Oncology Central

Creating virtual reality maps of tumours: interview with Greg Hannon


In an exclusive interview, Greg Hannon from Cancer Research UK Cambridge Institute (UK), speaks to Oncology Central about his project to create virtual reality maps of tumors. The ground-breaking project has been selected by Cancer Research UK to receive £20 million over the next 6 years as part of its Grand Challenge awards; set up to revolutionize the prevention, diagnosis and treatment of cancer and help scientists tackle unanswered questions in cancer research.

Can you tell us about your career to date and your work at the CRUK Cambridge Institute?

I started off as a PhD student in Cleveland training in RNA biology and then moved to Cold Spring Harbor (NY, USA) 25 years ago, where I worked for 23 years on cell cycle control in cancer. That is where my interest in cancer started. As I transitioned to my own lab, also at Cold Spring Harbour, I maintained a dual interest and I was sucked in to the whole phenomenon of RNAi. I spent a lot of time working out mechanisms of RNAi, small, RNA biology, and microRNAs. I am still working on small RNAs that are a mechanism for defense of germline genomes.

We have always maintained our interest in cancer biology. A lot of the work that we did at Cold Spring Harbour was in collaboration with Scott Lowe, who is now at Memorial Sloan Kettering Cancer Center (NY, USA). There was also always a third current running in the lab which was that of technology development. I left CSHL approximately 2 years ago to move to Cambridge (UK). I also have a small lab at New York at the New York Genome Center (USA).

In some ways the move to the Cancer Research UK (CRUK) Cambridge Institute (UK) and having new colleagues has bought all of these interests together in to the Grand Challenge where there is a huge amount of technology and development [1]. By conducting this project we hope to learn a lot about tumor biology and at the same time come at this from the perspectives of measuring RNA copy number and examining RNA localisation in cells along with taking measurements of protein etc.

You are currently the principal investigator for the Grand Challenge: Finding a way of mapping tumors at the molecular and cellular level. Could you tell us about the aims of this project?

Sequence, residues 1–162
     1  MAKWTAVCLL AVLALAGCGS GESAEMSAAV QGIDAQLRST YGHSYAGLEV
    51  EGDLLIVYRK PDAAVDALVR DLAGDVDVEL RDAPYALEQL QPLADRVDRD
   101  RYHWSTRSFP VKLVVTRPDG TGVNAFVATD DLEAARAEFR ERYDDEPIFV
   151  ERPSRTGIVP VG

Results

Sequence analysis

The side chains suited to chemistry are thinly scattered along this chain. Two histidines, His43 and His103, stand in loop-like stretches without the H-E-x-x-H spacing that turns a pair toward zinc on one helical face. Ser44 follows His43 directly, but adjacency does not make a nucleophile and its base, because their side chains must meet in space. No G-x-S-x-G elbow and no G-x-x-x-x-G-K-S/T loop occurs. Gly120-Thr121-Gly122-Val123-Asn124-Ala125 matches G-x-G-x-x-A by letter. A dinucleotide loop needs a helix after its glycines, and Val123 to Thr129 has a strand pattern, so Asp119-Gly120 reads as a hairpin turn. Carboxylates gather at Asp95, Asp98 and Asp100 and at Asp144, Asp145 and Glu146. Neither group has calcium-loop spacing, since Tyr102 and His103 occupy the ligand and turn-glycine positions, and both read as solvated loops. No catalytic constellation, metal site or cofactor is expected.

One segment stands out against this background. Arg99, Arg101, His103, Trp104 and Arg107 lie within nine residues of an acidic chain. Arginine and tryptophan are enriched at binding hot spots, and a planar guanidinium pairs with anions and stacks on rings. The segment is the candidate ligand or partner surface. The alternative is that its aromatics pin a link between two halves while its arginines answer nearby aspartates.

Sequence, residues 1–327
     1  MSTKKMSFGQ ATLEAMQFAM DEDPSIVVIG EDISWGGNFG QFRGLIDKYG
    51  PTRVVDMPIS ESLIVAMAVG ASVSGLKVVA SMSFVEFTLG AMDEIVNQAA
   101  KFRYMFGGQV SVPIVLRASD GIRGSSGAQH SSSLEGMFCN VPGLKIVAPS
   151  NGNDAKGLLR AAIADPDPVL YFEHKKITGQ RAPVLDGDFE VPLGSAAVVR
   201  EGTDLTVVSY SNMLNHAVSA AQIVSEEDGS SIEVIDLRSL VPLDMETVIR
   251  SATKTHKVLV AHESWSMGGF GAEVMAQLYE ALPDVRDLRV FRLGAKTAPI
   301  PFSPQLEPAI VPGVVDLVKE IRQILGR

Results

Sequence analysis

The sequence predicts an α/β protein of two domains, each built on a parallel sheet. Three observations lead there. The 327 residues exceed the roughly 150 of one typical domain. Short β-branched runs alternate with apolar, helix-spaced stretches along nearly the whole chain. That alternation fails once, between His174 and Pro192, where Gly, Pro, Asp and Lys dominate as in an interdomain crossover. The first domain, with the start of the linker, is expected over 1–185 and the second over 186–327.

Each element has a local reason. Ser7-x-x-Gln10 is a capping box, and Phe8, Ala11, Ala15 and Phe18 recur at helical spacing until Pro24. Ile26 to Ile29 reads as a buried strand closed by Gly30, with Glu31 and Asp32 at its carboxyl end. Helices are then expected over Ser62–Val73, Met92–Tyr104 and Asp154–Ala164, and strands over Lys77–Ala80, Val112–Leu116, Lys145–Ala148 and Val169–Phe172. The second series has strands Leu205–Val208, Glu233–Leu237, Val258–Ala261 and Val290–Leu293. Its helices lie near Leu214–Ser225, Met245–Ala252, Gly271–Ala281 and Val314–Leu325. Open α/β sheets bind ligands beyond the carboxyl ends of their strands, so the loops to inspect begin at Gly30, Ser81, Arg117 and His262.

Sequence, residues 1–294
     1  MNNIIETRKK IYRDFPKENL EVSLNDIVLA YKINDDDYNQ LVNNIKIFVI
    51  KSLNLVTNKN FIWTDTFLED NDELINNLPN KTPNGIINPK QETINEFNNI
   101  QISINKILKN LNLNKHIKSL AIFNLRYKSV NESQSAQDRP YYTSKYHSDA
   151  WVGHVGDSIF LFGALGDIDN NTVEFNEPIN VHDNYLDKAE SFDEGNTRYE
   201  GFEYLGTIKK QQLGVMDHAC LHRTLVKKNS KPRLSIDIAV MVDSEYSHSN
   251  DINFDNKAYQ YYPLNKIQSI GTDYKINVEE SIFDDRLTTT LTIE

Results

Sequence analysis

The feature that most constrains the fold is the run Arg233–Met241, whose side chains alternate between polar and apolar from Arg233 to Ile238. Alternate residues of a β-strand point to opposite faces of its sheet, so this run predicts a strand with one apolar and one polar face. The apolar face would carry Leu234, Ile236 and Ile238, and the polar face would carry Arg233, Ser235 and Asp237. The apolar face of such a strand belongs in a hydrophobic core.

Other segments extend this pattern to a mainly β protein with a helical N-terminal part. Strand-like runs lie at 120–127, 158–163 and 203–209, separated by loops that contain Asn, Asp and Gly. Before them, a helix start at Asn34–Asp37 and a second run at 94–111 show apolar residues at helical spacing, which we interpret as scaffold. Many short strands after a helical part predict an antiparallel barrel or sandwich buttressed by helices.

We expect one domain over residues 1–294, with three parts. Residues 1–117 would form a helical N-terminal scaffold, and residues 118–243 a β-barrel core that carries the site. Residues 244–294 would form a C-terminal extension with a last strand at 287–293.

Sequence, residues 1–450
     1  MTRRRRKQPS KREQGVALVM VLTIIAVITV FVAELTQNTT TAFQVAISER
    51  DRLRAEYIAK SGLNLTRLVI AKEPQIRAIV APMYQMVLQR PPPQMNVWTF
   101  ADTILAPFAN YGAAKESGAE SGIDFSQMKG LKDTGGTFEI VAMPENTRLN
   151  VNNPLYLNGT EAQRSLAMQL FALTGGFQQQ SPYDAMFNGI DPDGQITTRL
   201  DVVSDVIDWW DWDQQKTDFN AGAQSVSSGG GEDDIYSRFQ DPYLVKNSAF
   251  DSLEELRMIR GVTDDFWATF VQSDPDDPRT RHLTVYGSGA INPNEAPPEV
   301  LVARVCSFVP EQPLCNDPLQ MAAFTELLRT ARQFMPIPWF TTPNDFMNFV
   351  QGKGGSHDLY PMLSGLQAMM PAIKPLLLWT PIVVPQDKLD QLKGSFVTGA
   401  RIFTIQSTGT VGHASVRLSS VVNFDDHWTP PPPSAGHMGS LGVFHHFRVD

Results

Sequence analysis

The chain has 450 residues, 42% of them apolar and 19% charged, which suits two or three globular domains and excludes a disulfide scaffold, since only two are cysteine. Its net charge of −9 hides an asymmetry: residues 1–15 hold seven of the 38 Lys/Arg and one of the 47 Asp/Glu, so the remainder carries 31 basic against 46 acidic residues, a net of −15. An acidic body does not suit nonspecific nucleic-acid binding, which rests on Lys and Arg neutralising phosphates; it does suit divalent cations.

The project was born out of my exposure a number of years ago to work done by neuroscientists at Cold Spring Harbour particularly Pavel Osten who has helped to develop fluorescent serial-block face imaging two-photon microscope (STPT). He was looking in a great deal of detail at structures within the brain where certain reporters become active. This made me think that we could do the same thing in cancer biology to start to understand the 3D arrangement of cells in tumors.

At that point it was a hobby project and not the primary focus of the lab i.e. we would go and work with Pavel for a bit just trying to get our tissues fixed and sectioned and imaged appropriately.

Then with the move and with an almost a perfect coalescense of a set of colleagues here, we began to get much more serious about it and to think about taking what was really primarily an imaging project and turn it into something that was much bigger. From this project we hoped to understand not only the orientation of tumor cells vs something simple such as the vasculature but the arrangement of all the cell types in a tumor, their locations and then to add some deep molecular characterization.

This could allow us to identify each cell type cell, understand the activity of its signaling pathways and understand how different cell types behave when in contact within neighboring cell types.

We started working towards this and then the Grand Challenge questions were released and it seemed like mapping tumors in 3D was really a perfect fit. The project allowed us to think even bigger and to assemble a team of collaborators not just in Cambridge but to pull individuals from all over the world. Our project includes researchers from Vancouver, Dublin, Boston, Zurich and Lausanne plus a core group of five investigators back here in Cambridge. Overall, we were able to think with using a breadth of technology and doing analyzes on a scale that was unthinkable in a way prior to CRUK conceiving this funding mechanism.

What imaging methods will you use to develop the 3D tumor maps?

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